Coronavirus: There may be a 'reduced risk' of outbreak in Wellington thanks to Sydney COVID-19 case's first vaccine dose

The news that a person infected with COVID-19 travelled to New Zealand and visited many of our capital's most popular establishments over the weekend has set alarm bells ringing.

Since the news broke on Tuesday, Wellington's coronavirus response has been escalated to alert level 2, testing centres have been set up across the region and health officials have been frantically chasing up potential contacts.

So far, no further cases have been found - and the boss of a Kiwi COVID-19 surveillance company says the risk of a potential outbreak may have been reduced by the fact the man has received his first dose of the vaccine.

"We hope that the Sydney visitor to Wellington was not one of these super-carriers even if infected with the more transmissible Delta variant," Rako chief science officer Dr Stephen Grice said.

"It is good news the visitor had a first vaccination shot as it's possible this reduced the risk of being a super-carrier, which supports Chris Hipkins' comment that it is a low risk but not no risk."

A Public Health England study published in the British Medical Journal backs this up, finding adults infected with COVID-19 three weeks after receiving one dose of the Pfizer-BioNTech or Oxford-AstraZeneca vaccine were 38-49 percent less likely to pass the virus on.

The study found protection against COVID-19 was seen from around 14 days after vaccination, with similar levels observed regardless of the age of cases or contacts.

However should the Sydney case prove to be a COVID-19 'supercarrier' - an individual carrying unusually high amounts of the SARS-CoV-2 virus - it could spell bad news for Wellington.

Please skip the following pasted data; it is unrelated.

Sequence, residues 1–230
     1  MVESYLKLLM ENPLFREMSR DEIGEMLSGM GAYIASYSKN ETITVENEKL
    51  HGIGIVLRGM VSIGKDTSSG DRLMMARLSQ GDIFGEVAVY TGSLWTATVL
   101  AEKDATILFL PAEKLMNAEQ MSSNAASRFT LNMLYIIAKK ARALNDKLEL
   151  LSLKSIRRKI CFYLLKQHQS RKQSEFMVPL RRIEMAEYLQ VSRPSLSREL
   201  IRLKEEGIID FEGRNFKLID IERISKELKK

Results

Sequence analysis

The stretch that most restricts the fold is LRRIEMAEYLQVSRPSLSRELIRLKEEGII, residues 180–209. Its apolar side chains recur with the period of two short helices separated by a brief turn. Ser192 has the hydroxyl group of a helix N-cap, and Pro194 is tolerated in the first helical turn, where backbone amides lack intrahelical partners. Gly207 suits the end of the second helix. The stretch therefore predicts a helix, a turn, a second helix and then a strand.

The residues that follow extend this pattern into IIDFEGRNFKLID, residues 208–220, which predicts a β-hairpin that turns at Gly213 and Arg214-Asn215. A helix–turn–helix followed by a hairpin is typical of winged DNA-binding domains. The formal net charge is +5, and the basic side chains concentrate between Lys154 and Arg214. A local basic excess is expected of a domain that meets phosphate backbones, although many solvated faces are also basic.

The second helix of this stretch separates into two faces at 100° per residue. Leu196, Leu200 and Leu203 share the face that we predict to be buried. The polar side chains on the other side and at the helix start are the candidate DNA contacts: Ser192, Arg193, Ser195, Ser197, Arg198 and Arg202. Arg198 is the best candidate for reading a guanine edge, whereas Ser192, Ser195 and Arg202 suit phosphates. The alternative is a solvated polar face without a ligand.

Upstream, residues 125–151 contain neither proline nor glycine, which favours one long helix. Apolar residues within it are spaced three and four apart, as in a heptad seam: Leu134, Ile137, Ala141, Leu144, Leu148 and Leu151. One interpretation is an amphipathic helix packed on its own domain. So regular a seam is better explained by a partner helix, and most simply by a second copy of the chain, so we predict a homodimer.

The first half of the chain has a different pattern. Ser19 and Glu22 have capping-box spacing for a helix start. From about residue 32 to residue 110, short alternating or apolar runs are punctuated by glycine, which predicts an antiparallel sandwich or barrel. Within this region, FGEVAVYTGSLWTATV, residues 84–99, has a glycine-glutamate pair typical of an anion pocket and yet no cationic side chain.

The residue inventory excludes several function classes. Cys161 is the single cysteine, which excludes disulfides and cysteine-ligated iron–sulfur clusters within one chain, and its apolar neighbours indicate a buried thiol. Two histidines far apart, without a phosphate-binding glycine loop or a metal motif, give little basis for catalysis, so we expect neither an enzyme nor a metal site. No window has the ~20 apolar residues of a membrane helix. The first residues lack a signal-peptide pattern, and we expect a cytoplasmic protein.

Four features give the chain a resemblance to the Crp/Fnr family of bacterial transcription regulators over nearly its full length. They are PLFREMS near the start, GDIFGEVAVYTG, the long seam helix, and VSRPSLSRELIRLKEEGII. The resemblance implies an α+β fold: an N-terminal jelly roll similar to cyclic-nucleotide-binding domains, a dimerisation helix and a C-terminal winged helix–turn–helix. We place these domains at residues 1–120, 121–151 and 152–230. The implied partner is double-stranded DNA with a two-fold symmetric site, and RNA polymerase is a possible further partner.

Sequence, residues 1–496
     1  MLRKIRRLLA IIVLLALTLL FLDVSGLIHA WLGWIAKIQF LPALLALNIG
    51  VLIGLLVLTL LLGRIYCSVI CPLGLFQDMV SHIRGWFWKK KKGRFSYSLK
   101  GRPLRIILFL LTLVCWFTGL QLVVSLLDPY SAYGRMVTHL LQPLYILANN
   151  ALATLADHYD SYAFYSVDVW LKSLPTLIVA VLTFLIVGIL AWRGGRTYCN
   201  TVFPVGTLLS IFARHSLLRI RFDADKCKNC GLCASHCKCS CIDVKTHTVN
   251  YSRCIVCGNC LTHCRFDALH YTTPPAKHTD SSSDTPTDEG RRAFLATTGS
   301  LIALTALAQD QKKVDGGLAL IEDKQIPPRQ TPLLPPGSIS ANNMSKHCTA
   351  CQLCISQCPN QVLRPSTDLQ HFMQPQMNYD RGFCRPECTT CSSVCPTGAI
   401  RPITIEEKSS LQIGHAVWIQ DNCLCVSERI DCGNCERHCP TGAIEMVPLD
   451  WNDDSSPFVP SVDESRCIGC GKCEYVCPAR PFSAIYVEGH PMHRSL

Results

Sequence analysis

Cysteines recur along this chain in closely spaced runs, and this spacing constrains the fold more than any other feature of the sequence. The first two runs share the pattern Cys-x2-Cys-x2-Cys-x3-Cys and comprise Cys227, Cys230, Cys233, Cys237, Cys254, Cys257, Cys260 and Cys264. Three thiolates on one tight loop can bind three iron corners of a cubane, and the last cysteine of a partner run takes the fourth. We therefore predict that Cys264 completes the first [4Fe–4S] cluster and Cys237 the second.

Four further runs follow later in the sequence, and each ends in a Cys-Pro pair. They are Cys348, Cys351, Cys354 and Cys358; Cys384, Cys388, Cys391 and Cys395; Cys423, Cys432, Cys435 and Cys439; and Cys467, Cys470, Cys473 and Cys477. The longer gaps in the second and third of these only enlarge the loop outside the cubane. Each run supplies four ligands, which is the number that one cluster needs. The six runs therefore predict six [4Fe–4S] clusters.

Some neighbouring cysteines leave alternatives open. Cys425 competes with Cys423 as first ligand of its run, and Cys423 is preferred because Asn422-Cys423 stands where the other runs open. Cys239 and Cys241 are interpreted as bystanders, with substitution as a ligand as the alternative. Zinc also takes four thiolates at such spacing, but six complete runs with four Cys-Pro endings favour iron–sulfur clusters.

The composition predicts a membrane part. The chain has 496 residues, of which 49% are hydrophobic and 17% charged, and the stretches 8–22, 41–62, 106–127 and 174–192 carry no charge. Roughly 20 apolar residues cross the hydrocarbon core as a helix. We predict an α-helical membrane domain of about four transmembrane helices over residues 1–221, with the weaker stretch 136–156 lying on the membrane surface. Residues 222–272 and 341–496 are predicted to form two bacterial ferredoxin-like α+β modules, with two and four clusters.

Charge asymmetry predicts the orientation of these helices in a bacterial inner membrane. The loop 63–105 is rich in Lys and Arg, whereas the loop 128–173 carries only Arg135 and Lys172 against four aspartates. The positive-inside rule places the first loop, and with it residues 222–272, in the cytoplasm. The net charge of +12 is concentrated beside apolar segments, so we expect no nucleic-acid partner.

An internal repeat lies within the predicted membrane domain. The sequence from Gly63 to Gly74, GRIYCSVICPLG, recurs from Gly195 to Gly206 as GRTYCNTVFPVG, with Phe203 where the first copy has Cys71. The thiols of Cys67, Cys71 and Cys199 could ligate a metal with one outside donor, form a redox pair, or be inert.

A Colorado University study found just 2 percent of COVID-19 cases carry 90 percent of the circulating SARS-CoV-2 virus in a population. That means most people with COVID-19 don't infect many if any others, but a few people infect others in large numbers.

"Coming in contact with a super-carrier is a game of chance so you have to continue to be careful. And some asymptomatic people are carrying a viral load as high as someone with COVID-19 who is very sick in hospital," Dr Grice said.

"If you do come into contact with a super-carrier there is much higher risk - and there is no difference whether they are coughing or not."

For most of the pandemic, no one has known what makes someone more likely to spread COVID-19 than others.

But researchers earlier this year identified that older and less healthy people generate more droplets than their young and healthy counterparts, making them more likely to spread the virus.

New Zealand health officials have not found evidence of community transmission since February 28. If a community case was to be detected on Friday, it would be the first since the emergence of the last case linked to Auckland's Valentine's Day cluster, 117 days ago.